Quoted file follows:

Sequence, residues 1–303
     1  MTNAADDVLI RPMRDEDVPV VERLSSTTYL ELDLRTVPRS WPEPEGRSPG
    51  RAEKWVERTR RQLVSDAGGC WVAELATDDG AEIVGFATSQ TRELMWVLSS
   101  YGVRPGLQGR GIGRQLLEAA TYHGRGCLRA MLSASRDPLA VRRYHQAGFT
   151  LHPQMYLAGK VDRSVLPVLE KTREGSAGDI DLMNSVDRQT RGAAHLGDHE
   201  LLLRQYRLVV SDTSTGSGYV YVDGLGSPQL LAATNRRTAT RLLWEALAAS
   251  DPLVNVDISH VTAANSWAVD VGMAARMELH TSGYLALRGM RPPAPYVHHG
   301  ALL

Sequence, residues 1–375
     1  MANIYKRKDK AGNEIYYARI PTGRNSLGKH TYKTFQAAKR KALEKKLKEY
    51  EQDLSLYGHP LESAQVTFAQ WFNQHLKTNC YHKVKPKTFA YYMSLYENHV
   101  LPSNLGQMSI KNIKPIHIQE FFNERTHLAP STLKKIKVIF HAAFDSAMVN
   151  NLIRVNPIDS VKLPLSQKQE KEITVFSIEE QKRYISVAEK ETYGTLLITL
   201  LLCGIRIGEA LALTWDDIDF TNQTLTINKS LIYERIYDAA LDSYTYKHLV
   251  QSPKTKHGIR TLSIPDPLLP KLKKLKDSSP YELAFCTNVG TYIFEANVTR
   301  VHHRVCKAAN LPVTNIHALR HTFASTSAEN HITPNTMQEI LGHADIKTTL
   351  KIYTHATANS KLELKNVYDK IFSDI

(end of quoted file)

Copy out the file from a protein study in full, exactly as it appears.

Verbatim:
Sequence, residues 1–303
     1  MTNAADDVLI RPMRDEDVPV VERLSSTTYL ELDLRTVPRS WPEPEGRSPG
    51  RAEKWVERTR RQLVSDAGGC WVAELATDDG AEIVGFATSQ TRELMWVLSS
   101  YGVRPGLQGR GIGRQLLEAA TYHGRGCLRA MLSASRDPLA VRRYHQAGFT
   151  LHPQMYLAGK VDRSVLPVLE KTREGSAGDI DLMNSVDRQT RGAAHLGDHE
   201  LLLRQYRLVV SDTSTGSGYV YVDGLGSPQL LAATNRRTAT RLLWEALAAS
   251  DPLVNVDISH VTAANSWAVD VGMAARMELH TSGYLALRGM RPPAPYVHHG
   301  ALL

Sequence, residues 1–375
     1  MANIYKRKDK AGNEIYYARI PTGRNSLGKH TYKTFQAAKR KALEKKLKEY
    51  EQDLSLYGHP LESAQVTFAQ WFNQHLKTNC YHKVKPKTFA YYMSLYENHV
   101  LPSNLGQMSI KNIKPIHIQE FFNERTHLAP STLKKIKVIF HAAFDSAMVN
   151  NLIRVNPIDS VKLPLSQKQE KEITVFSIEE QKRYISVAEK ETYGTLLITL
   201  LLCGIRIGEA LALTWDDIDF TNQTLTINKS LIYERIYDAA LDSYTYKHLV
   251  QSPKTKHGIR TLSIPDPLLP KLKKLKDSSP YELAFCTNVG TYIFEANVTR
   301  VHHRVCKAAN LPVTNIHALR HTFASTSAEN HITPNTMQEI LGHADIKTTL
   351  KIYTHATANS KLELKNVYDK IFSDI